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What is a content strategy?

Think about your website:

  • What content is currently present?
  • What information do your audiences need, but does not appear on your site?
  • When and how often is each type of content updated?
  • Does your content have a consistent voice and tone, no matter what section/department of your organization it comes from?
  • Is each piece of information factually consistent, both with other sections of the site and with content delivered through other media (print marketing, TV advertising, etc.)?
  • Does the content in every section of the site consciously convey your brand message?
  • Do you have a plan for creating, managing, publishing, archiving, and deleting each kind of content?

The answers to these questions are your content  strategy.

This is not the same as content management, which is the process for publishing content on your website. A content management system (CMS) software tool can automate many of these steps, but your organization needs to do its homework in order to set intelligent, appropriate rules for your content.

Why don’t organizations have a content strategy?

  • Because they don’t know they need one.
  • Because they don’t understand what it is and how it can add value to their organization.
  • Because they think a content strategy equals the purchase of a software tool
  • Because they don’t know anyone who can help them develop one.
  • Because the people who know the company needs a content strategy do not have the final budget authority to bring in the resources to help them develop one.

Why do organizations need a content  strategy?

Every organization — corporate, nonprofit, association, etc. — needs a content  strategy. Not just because it makes the online publishing process smoother, but because digital content is an essential part of every organization’s business strategy, whether they know it or not.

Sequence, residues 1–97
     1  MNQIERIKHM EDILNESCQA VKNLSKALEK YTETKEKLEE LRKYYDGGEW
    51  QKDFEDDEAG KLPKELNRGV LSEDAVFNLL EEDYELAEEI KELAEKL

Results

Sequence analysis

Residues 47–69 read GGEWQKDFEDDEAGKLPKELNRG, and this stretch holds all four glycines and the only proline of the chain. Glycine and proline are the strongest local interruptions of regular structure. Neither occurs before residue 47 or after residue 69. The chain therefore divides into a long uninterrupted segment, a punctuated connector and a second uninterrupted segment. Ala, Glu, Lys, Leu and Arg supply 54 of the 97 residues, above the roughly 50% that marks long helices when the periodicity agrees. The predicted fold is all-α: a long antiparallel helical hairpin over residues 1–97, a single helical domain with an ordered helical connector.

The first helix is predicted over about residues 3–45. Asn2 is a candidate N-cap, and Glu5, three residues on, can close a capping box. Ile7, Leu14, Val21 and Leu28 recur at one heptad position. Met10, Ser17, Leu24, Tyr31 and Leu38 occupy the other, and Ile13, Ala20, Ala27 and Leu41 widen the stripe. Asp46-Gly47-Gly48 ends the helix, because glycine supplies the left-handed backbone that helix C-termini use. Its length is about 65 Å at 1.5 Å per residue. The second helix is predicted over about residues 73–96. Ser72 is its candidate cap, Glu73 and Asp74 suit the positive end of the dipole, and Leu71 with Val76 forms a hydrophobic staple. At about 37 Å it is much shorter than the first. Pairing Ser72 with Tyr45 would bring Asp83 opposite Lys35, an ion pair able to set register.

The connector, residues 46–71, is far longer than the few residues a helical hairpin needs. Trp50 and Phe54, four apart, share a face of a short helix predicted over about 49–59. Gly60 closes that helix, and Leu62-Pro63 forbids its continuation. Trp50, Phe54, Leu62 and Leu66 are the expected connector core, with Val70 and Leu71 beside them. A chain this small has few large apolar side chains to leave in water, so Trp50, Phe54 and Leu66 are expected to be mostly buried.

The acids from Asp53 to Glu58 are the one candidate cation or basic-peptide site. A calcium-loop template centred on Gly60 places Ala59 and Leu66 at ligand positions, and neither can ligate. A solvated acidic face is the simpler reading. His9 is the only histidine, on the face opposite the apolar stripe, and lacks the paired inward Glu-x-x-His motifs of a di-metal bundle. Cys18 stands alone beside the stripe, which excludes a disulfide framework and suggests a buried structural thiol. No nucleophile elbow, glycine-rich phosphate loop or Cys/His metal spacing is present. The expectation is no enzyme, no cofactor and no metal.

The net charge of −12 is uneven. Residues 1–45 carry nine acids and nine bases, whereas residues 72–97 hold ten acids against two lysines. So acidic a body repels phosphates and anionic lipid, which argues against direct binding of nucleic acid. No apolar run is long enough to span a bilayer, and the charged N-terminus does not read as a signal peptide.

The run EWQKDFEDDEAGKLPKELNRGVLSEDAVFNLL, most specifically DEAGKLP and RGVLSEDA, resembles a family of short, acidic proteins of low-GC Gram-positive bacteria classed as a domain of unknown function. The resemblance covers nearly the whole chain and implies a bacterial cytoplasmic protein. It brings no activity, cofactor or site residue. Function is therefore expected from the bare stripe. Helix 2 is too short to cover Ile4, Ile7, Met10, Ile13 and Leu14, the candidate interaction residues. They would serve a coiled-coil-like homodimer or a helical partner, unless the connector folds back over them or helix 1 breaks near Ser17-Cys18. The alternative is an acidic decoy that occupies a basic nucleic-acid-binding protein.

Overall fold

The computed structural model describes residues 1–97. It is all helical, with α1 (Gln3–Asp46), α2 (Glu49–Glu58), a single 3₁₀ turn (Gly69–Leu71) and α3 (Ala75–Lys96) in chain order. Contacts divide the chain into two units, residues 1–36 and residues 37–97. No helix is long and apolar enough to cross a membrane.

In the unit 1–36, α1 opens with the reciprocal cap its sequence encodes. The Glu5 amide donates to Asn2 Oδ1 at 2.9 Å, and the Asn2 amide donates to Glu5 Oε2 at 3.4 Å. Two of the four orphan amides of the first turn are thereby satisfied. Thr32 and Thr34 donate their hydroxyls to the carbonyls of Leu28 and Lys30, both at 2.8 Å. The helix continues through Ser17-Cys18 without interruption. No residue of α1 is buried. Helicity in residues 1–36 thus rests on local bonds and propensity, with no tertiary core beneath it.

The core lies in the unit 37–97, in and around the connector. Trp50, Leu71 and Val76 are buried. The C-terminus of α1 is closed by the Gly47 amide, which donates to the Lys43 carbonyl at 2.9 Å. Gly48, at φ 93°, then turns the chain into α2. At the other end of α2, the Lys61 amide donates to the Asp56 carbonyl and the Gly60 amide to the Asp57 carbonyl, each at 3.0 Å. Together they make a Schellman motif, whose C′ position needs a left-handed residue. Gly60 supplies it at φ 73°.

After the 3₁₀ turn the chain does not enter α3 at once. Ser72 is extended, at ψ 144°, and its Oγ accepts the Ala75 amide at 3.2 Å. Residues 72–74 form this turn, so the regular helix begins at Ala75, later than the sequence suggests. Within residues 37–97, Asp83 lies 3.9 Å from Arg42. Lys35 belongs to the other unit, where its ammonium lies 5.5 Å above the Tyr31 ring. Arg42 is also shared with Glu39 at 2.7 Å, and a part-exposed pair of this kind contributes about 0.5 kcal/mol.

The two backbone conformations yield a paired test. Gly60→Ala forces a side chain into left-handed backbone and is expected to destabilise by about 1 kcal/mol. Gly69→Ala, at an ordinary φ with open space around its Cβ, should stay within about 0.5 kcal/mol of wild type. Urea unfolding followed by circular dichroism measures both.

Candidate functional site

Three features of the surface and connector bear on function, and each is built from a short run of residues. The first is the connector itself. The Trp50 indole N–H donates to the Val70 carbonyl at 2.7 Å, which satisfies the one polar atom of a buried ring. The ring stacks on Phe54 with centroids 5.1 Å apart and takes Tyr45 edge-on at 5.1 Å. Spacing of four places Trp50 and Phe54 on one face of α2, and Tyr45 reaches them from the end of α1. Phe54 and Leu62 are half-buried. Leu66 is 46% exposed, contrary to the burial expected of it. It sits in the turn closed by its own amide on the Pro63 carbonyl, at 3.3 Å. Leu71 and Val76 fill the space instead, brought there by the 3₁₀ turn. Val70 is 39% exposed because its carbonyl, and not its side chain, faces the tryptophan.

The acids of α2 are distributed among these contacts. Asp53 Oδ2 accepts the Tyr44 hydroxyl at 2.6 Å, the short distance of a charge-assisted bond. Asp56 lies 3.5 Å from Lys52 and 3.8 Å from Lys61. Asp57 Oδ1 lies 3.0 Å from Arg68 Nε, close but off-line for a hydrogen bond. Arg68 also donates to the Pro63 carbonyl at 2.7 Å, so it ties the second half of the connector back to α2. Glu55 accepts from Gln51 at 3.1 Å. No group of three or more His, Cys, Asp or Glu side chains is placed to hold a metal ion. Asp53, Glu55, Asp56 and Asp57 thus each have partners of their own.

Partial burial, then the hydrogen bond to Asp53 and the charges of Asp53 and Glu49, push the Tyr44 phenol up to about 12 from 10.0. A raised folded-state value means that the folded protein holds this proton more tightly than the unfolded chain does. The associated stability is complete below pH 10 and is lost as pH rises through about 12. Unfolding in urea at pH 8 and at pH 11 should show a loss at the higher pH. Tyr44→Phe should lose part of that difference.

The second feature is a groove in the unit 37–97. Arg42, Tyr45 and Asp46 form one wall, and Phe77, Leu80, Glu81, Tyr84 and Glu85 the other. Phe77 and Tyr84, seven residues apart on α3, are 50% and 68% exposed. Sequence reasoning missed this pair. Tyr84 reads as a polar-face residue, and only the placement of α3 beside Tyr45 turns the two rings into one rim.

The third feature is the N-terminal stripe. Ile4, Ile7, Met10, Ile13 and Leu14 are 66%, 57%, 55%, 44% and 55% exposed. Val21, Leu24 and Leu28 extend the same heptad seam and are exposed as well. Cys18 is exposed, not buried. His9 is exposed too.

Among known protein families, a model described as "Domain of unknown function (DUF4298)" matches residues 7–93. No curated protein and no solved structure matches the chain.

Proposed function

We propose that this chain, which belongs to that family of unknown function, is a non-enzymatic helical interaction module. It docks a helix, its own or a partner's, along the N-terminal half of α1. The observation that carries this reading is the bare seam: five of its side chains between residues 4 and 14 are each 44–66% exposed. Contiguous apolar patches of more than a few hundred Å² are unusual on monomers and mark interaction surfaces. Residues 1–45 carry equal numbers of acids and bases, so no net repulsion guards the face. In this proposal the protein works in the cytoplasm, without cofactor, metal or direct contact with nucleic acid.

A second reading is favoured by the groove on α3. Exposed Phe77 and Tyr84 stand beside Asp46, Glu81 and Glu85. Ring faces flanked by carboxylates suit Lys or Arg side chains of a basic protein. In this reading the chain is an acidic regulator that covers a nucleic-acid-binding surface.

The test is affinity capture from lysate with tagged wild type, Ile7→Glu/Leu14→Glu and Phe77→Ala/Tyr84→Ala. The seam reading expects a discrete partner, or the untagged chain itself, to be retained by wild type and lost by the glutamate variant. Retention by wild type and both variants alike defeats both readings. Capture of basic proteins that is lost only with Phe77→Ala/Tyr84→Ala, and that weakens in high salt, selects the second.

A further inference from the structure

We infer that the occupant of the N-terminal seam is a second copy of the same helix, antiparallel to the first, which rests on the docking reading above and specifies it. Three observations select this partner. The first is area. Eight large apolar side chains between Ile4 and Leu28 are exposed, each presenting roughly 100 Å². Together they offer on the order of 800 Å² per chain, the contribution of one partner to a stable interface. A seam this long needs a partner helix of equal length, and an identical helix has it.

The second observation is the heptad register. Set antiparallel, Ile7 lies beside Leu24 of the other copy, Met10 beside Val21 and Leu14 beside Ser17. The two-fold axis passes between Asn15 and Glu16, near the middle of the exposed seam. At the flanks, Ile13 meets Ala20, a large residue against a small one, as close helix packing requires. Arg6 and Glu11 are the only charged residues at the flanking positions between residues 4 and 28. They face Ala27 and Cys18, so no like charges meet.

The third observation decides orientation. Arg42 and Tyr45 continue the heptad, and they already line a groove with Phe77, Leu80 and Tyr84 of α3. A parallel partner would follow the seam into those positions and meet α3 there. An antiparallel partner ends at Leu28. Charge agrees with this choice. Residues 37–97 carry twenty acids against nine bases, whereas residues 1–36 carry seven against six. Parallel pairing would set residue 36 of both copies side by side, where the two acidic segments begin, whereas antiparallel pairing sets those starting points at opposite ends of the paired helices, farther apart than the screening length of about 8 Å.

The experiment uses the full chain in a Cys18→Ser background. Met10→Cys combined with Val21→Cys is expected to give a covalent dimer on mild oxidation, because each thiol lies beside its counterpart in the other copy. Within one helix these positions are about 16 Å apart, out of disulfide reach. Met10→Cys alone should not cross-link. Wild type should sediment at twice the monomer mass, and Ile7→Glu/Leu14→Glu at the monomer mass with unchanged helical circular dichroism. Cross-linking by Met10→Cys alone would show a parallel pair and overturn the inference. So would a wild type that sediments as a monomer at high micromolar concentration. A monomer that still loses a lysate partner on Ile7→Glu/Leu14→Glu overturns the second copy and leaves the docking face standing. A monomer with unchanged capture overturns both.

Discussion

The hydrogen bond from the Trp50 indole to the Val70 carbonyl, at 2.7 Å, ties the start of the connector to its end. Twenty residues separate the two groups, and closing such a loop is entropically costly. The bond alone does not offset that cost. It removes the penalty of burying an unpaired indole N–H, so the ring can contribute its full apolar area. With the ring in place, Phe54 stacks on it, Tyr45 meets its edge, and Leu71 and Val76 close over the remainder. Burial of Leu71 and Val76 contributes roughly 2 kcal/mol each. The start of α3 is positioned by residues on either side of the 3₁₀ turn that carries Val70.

Your business may want to sell more products to its current customers. However, each product is owned and managed by a separate line of business. Each product is marketed individually, to a group of customers “owned” by that line of business. Each product’s promotions are conceived and designed by a different team, and this information is not shared among teams. The legal department reviews literature from one product, but another group does not submit its material to legal for review. There is no central repository for tracking what legal has reviewed and what changes it requested, nor any way to ensure that legal’s changes are made.

On your website, these separate but parallel tracks come together in a way they may not have before:

  • Each team wants its product featured most prominently on the home page. There is no one to make that decision based on the business’s priorities, so it falls to your webmaster to choose a product or design a solution.
  • The person who updated the information for one product leaves, and its content is not updated. Therefore, when a customer does a search on your site, he receives inaccurate information. Seeing inaccurate information is likely to cause that customer to mistrust all the information received from your site.
  • Each product may describe the company in a slightly different way (number of employees, year founded, etc.) or use a different version of the company logo (size, color scheme, even an old logo). Each line of business may use its own brand more prominently that the company’s brand — or they may omit the company brand altogether.
  • The legal department will be able to audit information from all departments and business units.

The web reveals these gaps, and many companies are finding it unavoidable to develop a strategy and assign a budget to plan and manage content.

Content Company can help your organization develop a content management strategy that adds value to your website and makes sense for your corporate goals and culture. Contact us if you are interested in our help.


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